Post Office (Lawrence, MA)


This photograph shows three men working behind the windows at the Lawrence, Massachusetts Post Office (address).  A calendar on the wall gives the date as January of 1918.  The name “Wm. Dallon” is written in pencil and “January 1918” in ink on the back.

The first US Post office in Lawrence, Mass. was established Sept. 7, 1846.  The location was on Turnpike St. (now Broadway) at the intersection with Common Street.  Lawrence was then Merrimack and first Postmaster was George A. Waldo of Methuen.  A year later the Post Office moved to the corner of Amesbury and Common Streets and only a few months later to the first Bay State Building to Nathaniel Wilson’s Drug Store.  In 1855 the offices moved to Appleton Street, then the Schaake block across the street in 1869.  On March 31, 1905 the Lawrence Post Office moved into the first building built for use as a Post Office at the corner of Broadway and Essex Street.  It was a two story white marble building and housed 225 employees.  The building came down during urban renewal.

The image above and two others are available  on Digital Commonwealth.





Anna and Fred Sargent (Lawrence, MA)


These two photographs were given to the Lawrence Public Library in memory of Anna C. and Fred H. Sargent.  Each photograph has been encapsulated and mounted on gray stock.  Image 1  shows the original Bay State Building  (above) on the northeast corner of Lawrence and Essex Streets.  Approximate date is 1873.  The cupola of City Hall is also visible.  Image 2  is a picture of the Appleton Block at the corner of Appleton and Essex Streets .  Both images are on Digital Commonwealth.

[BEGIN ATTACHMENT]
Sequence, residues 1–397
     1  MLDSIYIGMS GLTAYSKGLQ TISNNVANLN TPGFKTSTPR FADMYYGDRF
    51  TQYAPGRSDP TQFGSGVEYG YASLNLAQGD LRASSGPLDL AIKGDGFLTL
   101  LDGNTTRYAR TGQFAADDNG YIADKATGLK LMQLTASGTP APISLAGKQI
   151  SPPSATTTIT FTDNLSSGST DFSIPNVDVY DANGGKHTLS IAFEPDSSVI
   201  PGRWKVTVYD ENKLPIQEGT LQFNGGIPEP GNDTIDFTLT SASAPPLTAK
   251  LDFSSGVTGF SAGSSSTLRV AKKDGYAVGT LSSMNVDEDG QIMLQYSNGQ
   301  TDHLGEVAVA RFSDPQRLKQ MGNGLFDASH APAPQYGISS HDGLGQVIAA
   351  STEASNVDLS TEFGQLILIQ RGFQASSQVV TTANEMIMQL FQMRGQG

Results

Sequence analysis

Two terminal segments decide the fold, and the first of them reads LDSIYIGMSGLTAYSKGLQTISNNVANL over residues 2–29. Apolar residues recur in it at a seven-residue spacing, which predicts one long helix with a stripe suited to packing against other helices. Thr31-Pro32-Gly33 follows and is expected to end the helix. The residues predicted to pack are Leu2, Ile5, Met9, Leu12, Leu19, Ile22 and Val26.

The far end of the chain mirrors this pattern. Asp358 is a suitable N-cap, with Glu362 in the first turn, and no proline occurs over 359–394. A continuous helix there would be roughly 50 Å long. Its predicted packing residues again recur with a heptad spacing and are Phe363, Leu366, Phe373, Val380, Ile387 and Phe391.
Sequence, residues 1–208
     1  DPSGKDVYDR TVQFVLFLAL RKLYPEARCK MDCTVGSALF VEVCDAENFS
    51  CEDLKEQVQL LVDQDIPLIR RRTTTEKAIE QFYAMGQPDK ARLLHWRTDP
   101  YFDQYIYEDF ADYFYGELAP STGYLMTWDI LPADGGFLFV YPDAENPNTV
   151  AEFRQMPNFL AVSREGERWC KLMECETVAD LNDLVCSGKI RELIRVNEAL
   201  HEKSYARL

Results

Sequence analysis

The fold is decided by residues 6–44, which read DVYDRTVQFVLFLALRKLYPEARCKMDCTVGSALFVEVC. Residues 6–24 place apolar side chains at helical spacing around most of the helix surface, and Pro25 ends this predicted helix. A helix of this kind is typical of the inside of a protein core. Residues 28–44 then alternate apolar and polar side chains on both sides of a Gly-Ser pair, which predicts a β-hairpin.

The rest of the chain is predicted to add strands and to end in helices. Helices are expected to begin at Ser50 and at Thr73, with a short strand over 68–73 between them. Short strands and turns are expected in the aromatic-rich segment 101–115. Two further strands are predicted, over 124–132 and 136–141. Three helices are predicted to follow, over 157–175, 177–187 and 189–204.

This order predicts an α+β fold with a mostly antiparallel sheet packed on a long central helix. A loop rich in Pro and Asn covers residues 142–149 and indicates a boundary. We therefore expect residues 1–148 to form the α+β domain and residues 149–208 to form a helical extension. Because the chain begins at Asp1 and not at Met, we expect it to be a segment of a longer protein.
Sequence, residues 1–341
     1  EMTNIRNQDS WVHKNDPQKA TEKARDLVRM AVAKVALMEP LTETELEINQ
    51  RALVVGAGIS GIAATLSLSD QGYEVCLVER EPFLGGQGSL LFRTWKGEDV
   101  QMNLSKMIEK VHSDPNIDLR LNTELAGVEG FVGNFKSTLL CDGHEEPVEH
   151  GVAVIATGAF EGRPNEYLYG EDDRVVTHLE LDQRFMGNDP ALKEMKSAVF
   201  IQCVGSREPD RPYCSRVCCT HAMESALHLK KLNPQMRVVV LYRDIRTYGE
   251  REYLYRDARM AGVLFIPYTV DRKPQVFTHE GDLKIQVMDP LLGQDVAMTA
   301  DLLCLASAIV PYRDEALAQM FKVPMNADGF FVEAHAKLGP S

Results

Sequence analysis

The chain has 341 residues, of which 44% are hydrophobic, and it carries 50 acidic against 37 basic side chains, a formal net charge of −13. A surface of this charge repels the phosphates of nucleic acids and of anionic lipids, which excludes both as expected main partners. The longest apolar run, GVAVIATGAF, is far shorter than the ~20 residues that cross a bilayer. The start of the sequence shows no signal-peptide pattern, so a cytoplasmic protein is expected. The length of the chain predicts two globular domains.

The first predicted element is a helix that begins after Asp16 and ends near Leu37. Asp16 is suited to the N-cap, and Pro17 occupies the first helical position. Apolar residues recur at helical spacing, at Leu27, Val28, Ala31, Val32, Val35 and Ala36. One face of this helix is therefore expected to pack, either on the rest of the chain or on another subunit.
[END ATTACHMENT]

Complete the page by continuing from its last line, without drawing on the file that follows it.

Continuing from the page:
Bernard Sullivan (Lawrence, MA)


2004281These three photographs were a gift of Bernard Sullivan.  The 1st  shows workers engaged in building the Ayer Mill chimney.  The 2nd image shows the completed Ayer Mills chimney.  A 3rd mounted photo  is another image of the workers on the Ayer Mill chimney.  It is a different view from number 1.

The three images are available on Digital Commonwealth.

Elsie Marsden (Lawrence, MA)


The three photographs in this collection were a gift to the library from a Miss Elsie Marsden, 18 School St., Lawrence.  Image 1 is a sepia photograph is a group shot of employees of McKay’s Machine Shop was taken in 1895.  The shop was located at the corner of Haverhill and West Streets.  It was bought by United Shoe Machinery and moved to Winchester, Mass. that year.   Miss Marsden’s father, Alfred, is first row 3rd from the left.

Image 2 is a black and white photograph picturing men from the water department clearing the filter beds and the pumping station around the year 1900.  Three men are identified: Superintendent Collins at far right, Payroll clerk Tom Anderson directly in front/left of him, and Alfred Marsden, supervisor, second from the left.

The 3rd and final image documents  ice making on the Merrimack River.  It shows a hand-operated machine that takes the cut ice up on a pulley.  Several piles of ice are visible and 2 machines.  The entire collection is in view on Digital Commonwealth.

Pacific Mills vs. Lawrence, Mass. Assessors


This collection documents the law suit waged between the Pacific Mills in Lawrence and the Assessors’ Office from 1886-88.  It includes evidence, testimony and arguments.